“In effect, we live in a legal, social, and institutional world where the only relations possible are extremely few, extremely simplified, and extremely poor. There is, of course, the relation of marriage, and the relations of family, but how many other relations should exist…!” -Michel Foucault

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CSGS Visiting Scholar: Gina Velasco

CSGS Visiting Scholar: fall 2012/spring 2013

Gina Velasco

Gina Velasco is an Assistant Professor in the Women’s and Gender Studies Department at Keene State College in Keene, New Hampshire. After receiving her Ph.D. from the History of Consciousness program at the University of California at Santa Cruz, she was an Andrew W. Mellon Postdoctoral Fellow in the Gender and Sexuality Studies Program at Bryn Mawr College from 2008-2010.

Current Research:

My first book manuscript, Queering the Transnational Filipina Body: Gendered and Sexual Nationalisms in the Filipino Diaspora, queers the ubiquitous figure of the Filipina body through an analysis of tropes of Filipino transnationalism within Filipino American performance, video/film, and websites. Offering a serious consideration of the political potential of revolutionary, diasporic nationalisms as a form of resistance to U.S. imperialism and capitalist globalization, Queering the Transnational Filipina Body examines the gendered and sexual politics of representing the nation within Filipino diasporic cultural production. More specifically, Queering the Transnational Filipina Body explores the political possibilities and tensions between Filipino diasporic support for revolutionary nationalisms and feminist and queer critiques of the nation.

I am also working on a second project which explores the relationship between nationalisms, diasporas, and queer genders and sexualities, with a focus on the performance art of queer artists of color in the U.S. I am currently collaborating with YaliniDream, a queer Sri Lankan American dissident artist, on an essay that describes how nationalism, experiences of war, gender, and queer sexuality inform both the content and form of her performance art. This article uses a queer diasporic framework to examine the relationship between performance art, transnational political organizing, nationalist movements in the Filipino and Sri Lankan diasporas, and cultural work around issues of gender and queer sexuality. Given the contemporary context of an ongoing global War on Terror, both the violence and the potential of the nation as an organizing principle continue to dominate queer diasporic subjects’ relationship to notions of home and belonging. In addition to multi- and trans-national attachments, queer diasporic subjects must contend with the dominant U.S. racial formation, as well as the neoliberal cultural politics of a mainstream GLBT movement in the U.S. Working within both queer communities of color in the U.S. and transnational political movements across the diaspora(s), queer diasporic artists and activists have a multivalent relationship to gender, sexuality, race, and nation. It is this crucible of affective and material connections that I examine in my study of performance art by queer diasporic artists of color U.S.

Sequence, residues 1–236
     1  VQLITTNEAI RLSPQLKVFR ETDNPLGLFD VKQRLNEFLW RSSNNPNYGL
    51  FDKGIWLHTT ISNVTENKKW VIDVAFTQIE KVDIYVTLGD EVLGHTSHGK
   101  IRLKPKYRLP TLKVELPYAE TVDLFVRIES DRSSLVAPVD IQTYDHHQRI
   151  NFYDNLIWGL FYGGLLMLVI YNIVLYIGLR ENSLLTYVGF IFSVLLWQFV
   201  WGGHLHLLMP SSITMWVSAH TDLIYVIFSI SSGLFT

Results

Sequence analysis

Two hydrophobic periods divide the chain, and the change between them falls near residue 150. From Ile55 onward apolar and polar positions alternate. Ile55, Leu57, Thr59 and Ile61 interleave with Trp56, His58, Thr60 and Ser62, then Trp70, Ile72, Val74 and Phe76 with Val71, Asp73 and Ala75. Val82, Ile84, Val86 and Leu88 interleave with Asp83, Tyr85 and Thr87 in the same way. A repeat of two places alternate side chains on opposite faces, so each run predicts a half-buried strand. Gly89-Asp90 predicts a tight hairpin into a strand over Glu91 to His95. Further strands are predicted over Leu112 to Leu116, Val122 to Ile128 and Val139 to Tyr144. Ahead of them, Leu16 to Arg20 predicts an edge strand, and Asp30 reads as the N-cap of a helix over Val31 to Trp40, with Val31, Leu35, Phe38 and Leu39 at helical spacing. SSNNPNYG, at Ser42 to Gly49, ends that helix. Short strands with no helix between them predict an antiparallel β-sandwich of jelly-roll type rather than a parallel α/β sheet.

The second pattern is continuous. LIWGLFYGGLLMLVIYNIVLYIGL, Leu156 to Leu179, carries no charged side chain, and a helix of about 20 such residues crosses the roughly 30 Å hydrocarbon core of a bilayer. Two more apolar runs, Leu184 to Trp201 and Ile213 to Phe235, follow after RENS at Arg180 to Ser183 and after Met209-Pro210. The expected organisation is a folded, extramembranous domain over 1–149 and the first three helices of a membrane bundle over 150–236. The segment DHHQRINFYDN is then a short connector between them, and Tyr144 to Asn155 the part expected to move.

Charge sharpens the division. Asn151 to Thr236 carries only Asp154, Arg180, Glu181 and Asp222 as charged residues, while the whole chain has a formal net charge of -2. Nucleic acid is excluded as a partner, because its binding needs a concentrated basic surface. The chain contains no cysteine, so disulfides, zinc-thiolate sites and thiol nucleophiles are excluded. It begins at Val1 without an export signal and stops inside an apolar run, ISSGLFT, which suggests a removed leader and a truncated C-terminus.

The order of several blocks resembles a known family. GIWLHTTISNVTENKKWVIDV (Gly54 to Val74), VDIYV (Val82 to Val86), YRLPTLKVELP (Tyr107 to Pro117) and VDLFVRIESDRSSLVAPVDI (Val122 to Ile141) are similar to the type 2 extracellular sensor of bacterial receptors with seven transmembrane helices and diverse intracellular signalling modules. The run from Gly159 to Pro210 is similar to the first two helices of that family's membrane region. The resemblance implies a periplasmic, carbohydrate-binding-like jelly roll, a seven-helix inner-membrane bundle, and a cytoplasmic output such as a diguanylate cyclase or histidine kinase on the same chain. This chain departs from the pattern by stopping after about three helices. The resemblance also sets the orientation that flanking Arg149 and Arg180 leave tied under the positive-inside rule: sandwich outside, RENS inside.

You can email Gina Velasco at gv525(at)

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** FALL 2017 EVENTS **

csgs fall 2017

Cixousversaire: A Celebration of Hélène Cixous

Cixousversaire: A Celebration of Hélène Cixous

a multi-day conference with Geoffrey Bennington, Tom Bishop, Anne Bogard, Hélène Cixous, Karen Finley, Peggy Kamui, Camille Laurens, Bertrand Leclair, Elissa Marder, Daniel Mesguich, Judith Miller, Olivier Morel, Eric Prenowitz, Avital Ronell, & Marta Segarra

September 14 to 16,
Thursday to Saturday

Hemmerdinger Hall
Silver Center
100 Washington Square East, 1st floor

Black Performance on the Outskirts of the Left: A History of the Impossible

Black Performance on the Outskirts of the Left: A History of the Impossible

a discussion & celebration of the new book by Malik Gaines, with panelists Ricardo Montez, Fred Moten, & Alexandra Vasquez, with a response by Malik Gaines

September 21, Thursday
6:30 to 8 pm

Performance Studies Studio
721 Broadway, room 612